In life we often worry about many decisions from day to day. Most of those decisions honestly don't matter all that much because if we make the wrong decision we can usually correct it. It might take some money and some work but most bad decisions are fixable.

However, that's not the case in this matter. Once you make this choice it's final!!! You can't undo this decision. You can't change your mind.

There are cases where the monthly pension offer is the better choice and we can show you how to determine this. There are cases where the lump sum offer is the better choice and we can show you how to determine this also. 

The key word is control. With the lump sum option you have complete control of your money for the rest of your life and possibly your heirs lives, too. You control your monthly income, you control your taxes, you control your investments and you control the retirement that you worked so hard to get to.

Talk to an advisor before you make this decision. We recommend you talk to numerous advisors and work with the one you feel comfortable with. If that's us, great. If that's not us, that's great too, but please talk to someone other than your well-intentioned friends and relatives.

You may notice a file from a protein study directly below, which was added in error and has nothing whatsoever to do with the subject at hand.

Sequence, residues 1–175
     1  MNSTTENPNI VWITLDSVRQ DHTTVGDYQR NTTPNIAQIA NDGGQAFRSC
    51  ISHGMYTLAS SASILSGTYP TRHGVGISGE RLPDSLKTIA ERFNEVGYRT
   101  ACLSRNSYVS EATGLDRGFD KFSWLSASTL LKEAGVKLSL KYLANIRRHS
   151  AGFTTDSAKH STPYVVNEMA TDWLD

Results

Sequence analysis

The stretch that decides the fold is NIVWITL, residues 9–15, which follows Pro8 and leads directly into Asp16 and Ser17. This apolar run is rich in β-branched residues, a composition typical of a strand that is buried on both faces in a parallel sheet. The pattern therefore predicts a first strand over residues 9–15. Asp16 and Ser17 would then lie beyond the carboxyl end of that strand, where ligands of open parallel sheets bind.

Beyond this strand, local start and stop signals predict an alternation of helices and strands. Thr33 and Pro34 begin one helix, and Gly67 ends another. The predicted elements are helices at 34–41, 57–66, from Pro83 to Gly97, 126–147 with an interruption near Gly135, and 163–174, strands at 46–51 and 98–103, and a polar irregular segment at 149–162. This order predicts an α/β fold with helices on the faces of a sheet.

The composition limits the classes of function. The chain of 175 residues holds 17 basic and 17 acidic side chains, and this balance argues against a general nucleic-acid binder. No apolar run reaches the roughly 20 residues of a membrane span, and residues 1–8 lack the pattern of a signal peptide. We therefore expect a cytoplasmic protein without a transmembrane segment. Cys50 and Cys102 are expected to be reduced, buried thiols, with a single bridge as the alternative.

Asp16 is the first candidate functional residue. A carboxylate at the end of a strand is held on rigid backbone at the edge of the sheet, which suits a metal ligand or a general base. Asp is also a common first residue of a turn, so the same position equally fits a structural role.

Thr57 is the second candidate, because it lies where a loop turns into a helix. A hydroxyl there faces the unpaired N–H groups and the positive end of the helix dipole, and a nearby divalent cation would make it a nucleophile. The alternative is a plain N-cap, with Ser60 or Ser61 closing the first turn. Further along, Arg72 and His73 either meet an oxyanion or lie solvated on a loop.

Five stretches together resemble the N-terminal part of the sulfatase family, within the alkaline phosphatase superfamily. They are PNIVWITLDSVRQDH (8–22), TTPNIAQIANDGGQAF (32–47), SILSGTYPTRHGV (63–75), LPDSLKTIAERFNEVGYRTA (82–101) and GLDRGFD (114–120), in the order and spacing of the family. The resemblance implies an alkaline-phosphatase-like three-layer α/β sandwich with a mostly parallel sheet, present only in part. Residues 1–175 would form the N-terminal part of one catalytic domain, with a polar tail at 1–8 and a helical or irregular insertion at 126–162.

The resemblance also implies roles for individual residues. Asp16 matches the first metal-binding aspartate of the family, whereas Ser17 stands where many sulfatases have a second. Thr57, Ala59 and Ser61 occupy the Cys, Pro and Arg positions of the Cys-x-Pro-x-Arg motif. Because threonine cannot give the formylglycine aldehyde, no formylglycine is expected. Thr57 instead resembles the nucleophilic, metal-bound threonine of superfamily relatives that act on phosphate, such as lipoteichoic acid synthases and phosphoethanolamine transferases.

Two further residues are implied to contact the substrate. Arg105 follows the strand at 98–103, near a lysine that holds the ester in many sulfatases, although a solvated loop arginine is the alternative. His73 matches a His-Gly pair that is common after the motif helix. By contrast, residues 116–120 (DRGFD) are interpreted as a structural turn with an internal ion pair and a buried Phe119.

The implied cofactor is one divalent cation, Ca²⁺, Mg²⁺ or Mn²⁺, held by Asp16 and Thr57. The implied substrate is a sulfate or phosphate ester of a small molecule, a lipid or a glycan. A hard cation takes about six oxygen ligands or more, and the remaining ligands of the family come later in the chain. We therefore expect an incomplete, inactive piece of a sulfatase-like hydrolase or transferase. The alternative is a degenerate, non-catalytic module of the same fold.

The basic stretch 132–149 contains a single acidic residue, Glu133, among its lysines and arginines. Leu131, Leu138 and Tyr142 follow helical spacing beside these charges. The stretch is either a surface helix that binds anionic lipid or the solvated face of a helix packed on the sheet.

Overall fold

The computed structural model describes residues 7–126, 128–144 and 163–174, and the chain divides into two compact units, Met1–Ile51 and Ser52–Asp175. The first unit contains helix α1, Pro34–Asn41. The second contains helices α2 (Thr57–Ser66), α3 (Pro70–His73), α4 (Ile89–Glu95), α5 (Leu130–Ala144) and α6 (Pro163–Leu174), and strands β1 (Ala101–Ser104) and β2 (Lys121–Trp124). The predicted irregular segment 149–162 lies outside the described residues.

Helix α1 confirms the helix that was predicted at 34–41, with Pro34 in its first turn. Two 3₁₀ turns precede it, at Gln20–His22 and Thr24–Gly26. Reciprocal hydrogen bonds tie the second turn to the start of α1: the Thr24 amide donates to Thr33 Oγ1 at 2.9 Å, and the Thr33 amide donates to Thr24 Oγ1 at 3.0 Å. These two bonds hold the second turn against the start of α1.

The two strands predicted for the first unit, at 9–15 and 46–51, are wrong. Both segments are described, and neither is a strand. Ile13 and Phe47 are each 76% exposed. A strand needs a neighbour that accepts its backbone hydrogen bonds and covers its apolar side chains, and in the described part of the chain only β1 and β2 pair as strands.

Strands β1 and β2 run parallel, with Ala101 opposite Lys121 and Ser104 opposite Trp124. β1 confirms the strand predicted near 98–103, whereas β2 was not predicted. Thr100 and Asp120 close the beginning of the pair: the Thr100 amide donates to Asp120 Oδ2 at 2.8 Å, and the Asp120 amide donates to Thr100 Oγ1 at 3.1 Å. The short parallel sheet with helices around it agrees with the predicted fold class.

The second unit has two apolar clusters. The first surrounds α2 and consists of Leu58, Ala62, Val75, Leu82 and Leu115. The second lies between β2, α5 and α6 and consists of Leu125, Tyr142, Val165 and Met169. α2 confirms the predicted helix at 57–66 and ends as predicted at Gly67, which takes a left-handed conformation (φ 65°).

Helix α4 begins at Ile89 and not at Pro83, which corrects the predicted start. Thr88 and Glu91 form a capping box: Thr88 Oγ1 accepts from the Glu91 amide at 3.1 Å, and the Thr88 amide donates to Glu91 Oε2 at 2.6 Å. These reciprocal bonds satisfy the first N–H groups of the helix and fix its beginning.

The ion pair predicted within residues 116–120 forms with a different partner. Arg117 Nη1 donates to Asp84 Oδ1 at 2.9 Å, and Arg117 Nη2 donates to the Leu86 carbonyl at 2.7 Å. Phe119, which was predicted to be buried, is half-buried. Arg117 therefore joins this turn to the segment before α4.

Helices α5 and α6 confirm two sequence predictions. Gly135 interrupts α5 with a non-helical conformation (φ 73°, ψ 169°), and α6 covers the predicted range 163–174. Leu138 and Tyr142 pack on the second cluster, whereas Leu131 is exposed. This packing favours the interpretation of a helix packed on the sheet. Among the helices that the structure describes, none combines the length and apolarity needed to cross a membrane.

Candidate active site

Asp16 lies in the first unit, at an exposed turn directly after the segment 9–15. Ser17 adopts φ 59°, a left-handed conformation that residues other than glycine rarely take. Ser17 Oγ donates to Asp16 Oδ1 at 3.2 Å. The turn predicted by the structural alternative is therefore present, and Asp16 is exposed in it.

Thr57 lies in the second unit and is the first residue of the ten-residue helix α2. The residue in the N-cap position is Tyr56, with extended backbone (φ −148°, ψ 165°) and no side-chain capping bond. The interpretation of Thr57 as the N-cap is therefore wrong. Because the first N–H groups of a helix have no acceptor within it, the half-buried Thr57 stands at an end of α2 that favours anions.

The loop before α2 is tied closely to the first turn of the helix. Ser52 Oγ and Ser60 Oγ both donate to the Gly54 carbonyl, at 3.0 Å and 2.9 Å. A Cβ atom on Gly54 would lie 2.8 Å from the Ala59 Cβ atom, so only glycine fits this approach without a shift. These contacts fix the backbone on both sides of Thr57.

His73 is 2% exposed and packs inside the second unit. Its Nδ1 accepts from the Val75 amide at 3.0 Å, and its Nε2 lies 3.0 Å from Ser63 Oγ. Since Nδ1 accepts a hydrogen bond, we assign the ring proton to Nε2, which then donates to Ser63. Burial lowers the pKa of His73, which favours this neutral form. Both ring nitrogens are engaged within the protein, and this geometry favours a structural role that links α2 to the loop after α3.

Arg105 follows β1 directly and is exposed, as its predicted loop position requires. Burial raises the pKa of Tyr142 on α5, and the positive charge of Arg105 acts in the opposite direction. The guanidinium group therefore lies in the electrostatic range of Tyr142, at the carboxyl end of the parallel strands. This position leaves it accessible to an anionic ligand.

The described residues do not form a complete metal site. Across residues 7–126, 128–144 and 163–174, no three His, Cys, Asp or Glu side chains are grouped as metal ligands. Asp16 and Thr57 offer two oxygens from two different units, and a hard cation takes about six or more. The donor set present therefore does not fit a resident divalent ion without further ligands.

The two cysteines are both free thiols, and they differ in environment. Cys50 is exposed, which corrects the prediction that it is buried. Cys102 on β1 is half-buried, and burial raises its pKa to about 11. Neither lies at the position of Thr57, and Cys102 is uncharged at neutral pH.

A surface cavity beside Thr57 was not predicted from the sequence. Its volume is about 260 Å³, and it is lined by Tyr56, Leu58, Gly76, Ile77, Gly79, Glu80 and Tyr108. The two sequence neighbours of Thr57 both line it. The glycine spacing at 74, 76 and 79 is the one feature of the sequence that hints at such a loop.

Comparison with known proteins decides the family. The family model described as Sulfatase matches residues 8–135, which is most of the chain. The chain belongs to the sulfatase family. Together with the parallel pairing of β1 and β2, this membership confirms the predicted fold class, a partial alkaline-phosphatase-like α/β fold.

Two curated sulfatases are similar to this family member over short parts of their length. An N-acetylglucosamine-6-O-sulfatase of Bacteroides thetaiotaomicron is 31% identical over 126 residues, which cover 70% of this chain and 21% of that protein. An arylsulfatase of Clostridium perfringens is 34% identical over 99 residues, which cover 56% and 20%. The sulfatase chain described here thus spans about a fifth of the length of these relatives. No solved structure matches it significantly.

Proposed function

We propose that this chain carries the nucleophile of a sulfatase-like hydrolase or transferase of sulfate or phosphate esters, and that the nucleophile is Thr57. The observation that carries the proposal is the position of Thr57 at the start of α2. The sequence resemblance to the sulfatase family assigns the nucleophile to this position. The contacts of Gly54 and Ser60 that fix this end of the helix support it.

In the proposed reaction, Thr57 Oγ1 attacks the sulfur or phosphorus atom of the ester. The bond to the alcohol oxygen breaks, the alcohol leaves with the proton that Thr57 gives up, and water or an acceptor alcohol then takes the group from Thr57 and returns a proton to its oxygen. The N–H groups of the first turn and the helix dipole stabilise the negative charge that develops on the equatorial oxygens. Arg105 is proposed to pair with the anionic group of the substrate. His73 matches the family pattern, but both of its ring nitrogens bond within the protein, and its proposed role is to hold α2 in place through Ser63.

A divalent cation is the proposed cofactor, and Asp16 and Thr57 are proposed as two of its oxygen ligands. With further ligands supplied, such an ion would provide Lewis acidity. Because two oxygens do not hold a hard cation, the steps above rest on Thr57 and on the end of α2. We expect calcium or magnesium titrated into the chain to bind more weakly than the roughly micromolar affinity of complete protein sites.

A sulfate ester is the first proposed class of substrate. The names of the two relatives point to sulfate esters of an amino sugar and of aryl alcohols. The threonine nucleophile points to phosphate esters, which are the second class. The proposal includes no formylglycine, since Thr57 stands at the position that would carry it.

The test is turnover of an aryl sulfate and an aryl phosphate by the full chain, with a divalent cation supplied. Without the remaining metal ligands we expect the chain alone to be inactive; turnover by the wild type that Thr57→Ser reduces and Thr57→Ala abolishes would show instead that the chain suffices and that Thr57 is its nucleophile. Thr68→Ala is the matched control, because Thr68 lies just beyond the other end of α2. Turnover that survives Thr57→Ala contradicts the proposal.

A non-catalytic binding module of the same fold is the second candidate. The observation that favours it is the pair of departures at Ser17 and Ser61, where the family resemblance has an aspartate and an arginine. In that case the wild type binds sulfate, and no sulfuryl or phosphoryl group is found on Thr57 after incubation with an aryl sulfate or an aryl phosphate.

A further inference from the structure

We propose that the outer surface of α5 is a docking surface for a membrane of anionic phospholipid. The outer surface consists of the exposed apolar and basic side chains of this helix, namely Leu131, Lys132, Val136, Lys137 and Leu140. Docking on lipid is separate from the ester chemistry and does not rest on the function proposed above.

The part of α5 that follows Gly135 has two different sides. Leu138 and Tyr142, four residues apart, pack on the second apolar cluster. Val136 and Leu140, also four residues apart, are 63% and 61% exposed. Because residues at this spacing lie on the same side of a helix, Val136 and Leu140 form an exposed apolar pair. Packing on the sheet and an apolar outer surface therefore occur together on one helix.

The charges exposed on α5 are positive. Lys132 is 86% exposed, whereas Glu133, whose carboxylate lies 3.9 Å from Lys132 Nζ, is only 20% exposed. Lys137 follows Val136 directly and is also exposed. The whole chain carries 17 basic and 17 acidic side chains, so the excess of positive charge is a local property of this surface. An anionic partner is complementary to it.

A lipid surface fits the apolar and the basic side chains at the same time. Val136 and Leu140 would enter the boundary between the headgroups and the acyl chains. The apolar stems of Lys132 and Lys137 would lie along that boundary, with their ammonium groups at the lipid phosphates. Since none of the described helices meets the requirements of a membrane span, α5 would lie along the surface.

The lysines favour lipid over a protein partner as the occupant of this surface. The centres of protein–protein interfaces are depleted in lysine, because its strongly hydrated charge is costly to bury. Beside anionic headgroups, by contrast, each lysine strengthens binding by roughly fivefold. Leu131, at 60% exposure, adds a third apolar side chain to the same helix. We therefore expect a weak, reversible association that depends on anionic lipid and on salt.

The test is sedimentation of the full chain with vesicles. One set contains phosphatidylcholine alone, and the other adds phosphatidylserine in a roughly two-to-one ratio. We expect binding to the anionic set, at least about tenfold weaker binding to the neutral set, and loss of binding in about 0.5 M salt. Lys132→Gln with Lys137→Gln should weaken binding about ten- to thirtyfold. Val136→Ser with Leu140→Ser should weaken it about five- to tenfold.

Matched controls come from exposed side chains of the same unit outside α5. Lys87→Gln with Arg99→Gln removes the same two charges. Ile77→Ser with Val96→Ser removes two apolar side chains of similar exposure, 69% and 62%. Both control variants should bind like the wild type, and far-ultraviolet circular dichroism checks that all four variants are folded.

You need a plan

A goal of retiring - without a plan - is simply a plan to run out of money. At 80/20 Financial Services our specialty is retirement planning for electric cooperative retirees and retirees in general.

We help our clients increase their income, manage their investments, protect their assets and decrease their taxes.

Contact us to set up a consultation. The consultation is free and without obligation. 

For more articles about retirement planning and investing click here. 

Brian Coleman-Owner/Advisor

80/20 Financial Services is an Independent Registered Investment Advisor (RIA) registered in the state of Missouri (CRD# 300772). We help clients in Missouri and throughout the United States prosper in retirement. Being independent allows us to work exclusively for YOU.

Photo by Library of Congress on Unsplash